Has the time come to regulate Qatar's real estate market?
The recent call by the Central Municipal Council (CMC) to ban sharing of single housing units by expatriates stresses the need to further tighten real estate regulations in the country. Some CMC members have expressed the view that the partitioning of villas by “sub-agents” has become very common, violating the already applicable legislations in the country. A well-regulated real estate market will benefit both investors (property owners) and customers alike and contribute to the national economy. The business strategy of investors is clearly driven by the projected return on investments (ROI). Obviously, return on investments is decided by the demand – supply situation.
Currently, there is no major shortage for housing units in the country due to abundant supplies coming in to the market. But for many expatriate families, the rents quoted are still not affordable. By regulating the real estate market and fixing rent based on criteria such as type of units, building life, facilities provided and location will benefit customers. Probably, this will create a situation, wherein, there is no need for sharing single housing units in the country. Many employers in Qatar are providing decent accommodation or generous house rent allowance to their employees. Employers can certainly help stabilise the real estate market by facilitating “fair deal” between realtors and their employees. Importantly, no unauthorised person must be allowed to sub-lease commercial properties or villas and apartments. By avoiding middlemen, fairness comes to play, providing optimum benefits to building owners and occupants alike. It must be noted that efforts made by many real estate companies, including Ezdan and Barwa, have brought in lot of stability to the market. They entered the market at the right time and invested in thousands of affordable housing units across Qatar, which have come as a big relief to many lower-income families, mostly expatriates.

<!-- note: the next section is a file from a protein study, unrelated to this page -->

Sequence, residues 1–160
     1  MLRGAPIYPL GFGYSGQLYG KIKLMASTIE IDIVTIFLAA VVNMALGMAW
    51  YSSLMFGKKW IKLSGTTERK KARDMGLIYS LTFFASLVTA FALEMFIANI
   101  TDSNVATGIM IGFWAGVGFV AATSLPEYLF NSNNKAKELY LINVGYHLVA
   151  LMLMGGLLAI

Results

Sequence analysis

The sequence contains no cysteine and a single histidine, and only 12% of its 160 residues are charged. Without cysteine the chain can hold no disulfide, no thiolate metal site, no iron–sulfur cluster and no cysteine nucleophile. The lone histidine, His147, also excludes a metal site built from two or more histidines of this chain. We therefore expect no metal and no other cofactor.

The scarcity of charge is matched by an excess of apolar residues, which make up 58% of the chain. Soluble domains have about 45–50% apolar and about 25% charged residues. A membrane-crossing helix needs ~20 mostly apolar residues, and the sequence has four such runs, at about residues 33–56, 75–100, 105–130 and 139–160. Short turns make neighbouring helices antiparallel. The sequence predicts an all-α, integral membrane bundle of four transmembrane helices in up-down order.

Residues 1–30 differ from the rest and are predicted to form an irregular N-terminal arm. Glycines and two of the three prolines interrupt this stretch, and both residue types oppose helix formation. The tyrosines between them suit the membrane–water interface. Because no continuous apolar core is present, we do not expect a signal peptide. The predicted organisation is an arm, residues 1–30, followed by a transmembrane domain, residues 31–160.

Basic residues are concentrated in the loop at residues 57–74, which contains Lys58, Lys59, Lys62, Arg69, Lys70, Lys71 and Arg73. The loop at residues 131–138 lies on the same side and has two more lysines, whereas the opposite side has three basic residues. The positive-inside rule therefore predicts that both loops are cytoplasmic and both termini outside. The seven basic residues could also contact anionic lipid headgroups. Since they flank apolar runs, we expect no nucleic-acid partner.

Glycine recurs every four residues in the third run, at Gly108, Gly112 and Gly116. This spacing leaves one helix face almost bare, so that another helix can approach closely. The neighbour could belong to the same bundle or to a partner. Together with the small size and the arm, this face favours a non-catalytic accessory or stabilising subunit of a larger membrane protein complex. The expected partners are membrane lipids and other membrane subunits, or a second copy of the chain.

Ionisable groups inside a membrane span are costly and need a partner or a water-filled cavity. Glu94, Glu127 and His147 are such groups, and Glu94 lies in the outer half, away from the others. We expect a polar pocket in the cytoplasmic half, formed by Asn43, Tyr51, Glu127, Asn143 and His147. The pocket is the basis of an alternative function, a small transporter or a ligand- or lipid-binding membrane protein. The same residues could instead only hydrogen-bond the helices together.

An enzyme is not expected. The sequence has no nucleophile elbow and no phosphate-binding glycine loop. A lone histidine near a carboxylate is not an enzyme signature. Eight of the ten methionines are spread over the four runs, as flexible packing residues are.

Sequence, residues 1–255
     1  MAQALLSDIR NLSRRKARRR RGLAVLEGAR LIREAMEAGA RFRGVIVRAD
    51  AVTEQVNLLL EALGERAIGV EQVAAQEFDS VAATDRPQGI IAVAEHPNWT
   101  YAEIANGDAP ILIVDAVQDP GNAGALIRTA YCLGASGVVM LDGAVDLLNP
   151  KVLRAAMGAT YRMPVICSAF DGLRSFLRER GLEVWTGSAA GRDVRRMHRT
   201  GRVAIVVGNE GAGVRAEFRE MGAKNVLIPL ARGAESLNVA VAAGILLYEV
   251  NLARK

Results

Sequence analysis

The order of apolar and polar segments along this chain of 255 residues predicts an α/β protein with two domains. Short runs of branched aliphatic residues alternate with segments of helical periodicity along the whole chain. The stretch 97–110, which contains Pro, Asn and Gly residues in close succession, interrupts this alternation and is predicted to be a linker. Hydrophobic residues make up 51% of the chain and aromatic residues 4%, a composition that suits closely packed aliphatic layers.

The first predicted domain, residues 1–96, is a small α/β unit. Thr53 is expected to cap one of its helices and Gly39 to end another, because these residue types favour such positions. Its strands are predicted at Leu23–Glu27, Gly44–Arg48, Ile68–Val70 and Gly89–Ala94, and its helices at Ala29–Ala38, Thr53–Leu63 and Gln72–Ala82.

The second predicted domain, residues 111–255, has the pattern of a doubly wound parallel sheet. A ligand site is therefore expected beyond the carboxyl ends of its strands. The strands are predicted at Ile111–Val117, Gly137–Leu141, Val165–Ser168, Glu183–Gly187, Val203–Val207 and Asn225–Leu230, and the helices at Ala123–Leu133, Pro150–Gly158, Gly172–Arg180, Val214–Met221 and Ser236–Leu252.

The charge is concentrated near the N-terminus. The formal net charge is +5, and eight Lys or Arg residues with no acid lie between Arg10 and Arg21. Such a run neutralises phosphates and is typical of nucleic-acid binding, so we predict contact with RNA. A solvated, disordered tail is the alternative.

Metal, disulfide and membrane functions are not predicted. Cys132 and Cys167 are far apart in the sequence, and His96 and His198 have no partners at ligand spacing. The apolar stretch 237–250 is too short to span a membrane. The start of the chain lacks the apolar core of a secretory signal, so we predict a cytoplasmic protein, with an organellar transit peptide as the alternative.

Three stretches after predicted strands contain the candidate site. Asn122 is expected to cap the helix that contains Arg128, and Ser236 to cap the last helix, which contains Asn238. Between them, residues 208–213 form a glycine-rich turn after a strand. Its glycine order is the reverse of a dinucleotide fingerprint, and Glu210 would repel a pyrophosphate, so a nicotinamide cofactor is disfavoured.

They have clearly set an example for others to follow. With Qatar economy witnessing rapid growth and many infrastructure projects being taken up, national economic prospects look good. Population growth has been accelerating mainly because expatriates come to work on new infrastructure projects. The number of people living in Qatar grew by 11.4% year-on-year in December 2013 to reach 2.05mn, QNB recently said. Population growth in recent months has been driven by the large ramp-up in infrastructure spending in preparation for the 2022 FIFA World Cup. Many analysts believe this may eventually put pressure on both commercial and residential properties with the result that rents may go up considerably. “The fundamental driver for real estate prices is the cost of land. If land prices rise, the price for villas, apartments and other real estate prices are likely to go up,” QNB said. A recovery in land prices in December and January 2013 could reverse the slowdown in rent inflation by mid-2014, QNB said.
Although the property market is not red hot yet, effective measures will continue to ensure stability, benefiting both investors and tenants. Investors must have decent returns, tenants should find rents affordable. Disputes, if any, must be resolved on a fast-track.
- Ironic much? Sharjah's 'affordable' rents is the exact reason they're now skyrocketing
- Mounting supplies: Dubai's impending property correction
- The $200 billion boom and slave labour: the realities Qatar must come to terms with
- This times it's North Koreans! Modern-day slavery still 'rampant' in Qatar
- The Dubai Tram: A good ride for Marina property prices or not?